We have had the VVC control on the Emerald M3DK ECU for several months now but to date only on the Turbo Technics supercharger conversions. In fact, the software was written for the TT pressure-charged engine having both vacuum and pressure readings on load. Unlike the normal Alpha-N system which takes load from a throttle potentiometer the VVC software is using a Manifold Air Pressure (MAP) sensor.
We have had a lot of enquiries about the VVC ECU from normally aspirated Elise 111S and Caterham owners, but not unreasonably, everyone wants to see the result before they invest in a new ECU. My honest opinion has been that if the engine is not modified then gains over the stock ECU were unlikely to be had. The Caterham had more of a chance because it runs a non-Rover exhaust manifold so the stock ECU calibration may well have been out. Now we have taken our first steps into aspirated VVC ECU development and it looks encouraging. The car in question was a Lotus Elise 111S which is about to be modified with a ported head and a different exhaust cam – a route already proven by Dave Andrews of DVA Power. While the engine was still standard we wanted to fit an ECU and get some power figures.
This car was ideal for us because although the engine was box stock it had been fitted with a Janspeed style 4-2-1-exhaust manifold and “sports” cat, plus an ITG air filter. Using the TT software as a starting point we only mapped the engine for full throttle, having first taken an “as received” power run. 162bhp is more than the factory quote for this engine so the exhaust and inlet mods were doing something.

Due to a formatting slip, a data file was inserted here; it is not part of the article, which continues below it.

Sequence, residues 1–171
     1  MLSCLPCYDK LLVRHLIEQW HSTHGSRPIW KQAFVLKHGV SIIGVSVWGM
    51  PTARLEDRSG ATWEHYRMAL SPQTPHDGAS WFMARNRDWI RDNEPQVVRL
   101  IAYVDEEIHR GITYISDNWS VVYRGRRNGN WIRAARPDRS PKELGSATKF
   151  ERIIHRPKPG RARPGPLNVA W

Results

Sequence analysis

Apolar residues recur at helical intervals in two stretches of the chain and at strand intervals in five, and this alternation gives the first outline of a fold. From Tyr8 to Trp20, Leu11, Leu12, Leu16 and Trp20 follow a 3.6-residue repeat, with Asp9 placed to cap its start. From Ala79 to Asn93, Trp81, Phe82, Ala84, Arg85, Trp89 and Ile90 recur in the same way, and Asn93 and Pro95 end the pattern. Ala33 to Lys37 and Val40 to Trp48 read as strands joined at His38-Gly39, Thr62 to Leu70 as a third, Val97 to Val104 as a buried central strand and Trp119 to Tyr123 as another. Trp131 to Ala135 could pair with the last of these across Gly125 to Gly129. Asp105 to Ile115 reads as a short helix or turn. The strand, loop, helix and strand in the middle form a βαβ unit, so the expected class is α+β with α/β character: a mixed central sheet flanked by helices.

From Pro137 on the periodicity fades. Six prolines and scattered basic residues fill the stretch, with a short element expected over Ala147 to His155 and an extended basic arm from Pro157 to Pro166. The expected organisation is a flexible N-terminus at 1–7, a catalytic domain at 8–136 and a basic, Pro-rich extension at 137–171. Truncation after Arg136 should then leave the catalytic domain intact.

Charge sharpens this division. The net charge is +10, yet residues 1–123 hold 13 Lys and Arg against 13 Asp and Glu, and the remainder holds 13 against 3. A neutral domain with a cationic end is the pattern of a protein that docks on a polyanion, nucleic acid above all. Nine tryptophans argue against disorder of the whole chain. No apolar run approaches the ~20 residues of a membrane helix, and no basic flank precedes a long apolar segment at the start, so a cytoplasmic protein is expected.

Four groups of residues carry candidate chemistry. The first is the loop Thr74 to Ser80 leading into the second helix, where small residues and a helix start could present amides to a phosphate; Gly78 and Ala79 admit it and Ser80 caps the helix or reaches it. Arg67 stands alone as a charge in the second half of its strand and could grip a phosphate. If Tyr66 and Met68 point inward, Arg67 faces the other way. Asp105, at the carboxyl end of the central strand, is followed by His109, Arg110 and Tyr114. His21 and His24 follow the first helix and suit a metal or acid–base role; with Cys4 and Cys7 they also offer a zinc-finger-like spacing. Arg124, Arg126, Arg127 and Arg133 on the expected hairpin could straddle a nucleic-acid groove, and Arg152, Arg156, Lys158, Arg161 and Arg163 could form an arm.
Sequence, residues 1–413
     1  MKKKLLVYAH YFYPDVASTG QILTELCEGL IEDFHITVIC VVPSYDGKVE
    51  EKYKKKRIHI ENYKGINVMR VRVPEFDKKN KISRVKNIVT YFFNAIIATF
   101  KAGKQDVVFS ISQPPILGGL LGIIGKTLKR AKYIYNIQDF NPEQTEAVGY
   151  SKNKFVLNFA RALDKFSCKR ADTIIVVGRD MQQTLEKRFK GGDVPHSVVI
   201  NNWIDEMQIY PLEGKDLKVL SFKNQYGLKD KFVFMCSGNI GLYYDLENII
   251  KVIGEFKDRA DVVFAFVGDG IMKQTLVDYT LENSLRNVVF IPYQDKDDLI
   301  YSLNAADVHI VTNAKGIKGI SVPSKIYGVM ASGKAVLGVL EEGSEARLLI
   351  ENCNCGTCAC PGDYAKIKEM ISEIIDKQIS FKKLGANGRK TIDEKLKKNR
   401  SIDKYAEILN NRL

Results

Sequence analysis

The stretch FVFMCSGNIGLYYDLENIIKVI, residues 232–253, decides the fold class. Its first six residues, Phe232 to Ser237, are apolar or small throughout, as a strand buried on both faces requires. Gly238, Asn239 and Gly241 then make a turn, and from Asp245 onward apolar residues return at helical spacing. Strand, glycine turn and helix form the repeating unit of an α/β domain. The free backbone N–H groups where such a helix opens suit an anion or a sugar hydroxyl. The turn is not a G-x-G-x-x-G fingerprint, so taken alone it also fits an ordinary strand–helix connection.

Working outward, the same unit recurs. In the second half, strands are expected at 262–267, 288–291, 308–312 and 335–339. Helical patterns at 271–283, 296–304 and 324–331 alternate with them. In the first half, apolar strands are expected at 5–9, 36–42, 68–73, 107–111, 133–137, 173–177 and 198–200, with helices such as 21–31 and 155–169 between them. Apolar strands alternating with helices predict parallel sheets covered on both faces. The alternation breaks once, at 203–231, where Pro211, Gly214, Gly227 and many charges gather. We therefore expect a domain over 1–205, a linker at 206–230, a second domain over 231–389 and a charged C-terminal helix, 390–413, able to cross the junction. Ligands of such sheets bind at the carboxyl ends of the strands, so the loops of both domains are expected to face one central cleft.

Only having done a few VVC engines we have no set procedure for mapping them as yet. With the aspirated engine I have a system which is akin to shelling peas but with the VVC engine you have cam timing and injector timing to play with as well as fuel mixture and spark timing. It looks like the cam setting is really critical in that it has a big influence on cylinder filling. You need the cam setting right before you optimise the fuel and the spark, but you need a reasonable fuel and spark setting before you can optimise the cam duration! It goes around in circles and takes a lot longer than mapping a “normal” engine.
Early results look like it is worth the effort. If you compare the graphs the M3DK gains everywhere over the stock ECU – apart from 6500rpm onwards. Our missing headline number was a bit of a mystery until we realised it was an injector sizing issue. The TT software has a second set of injectors in the system and ECU is configured to work with this set up.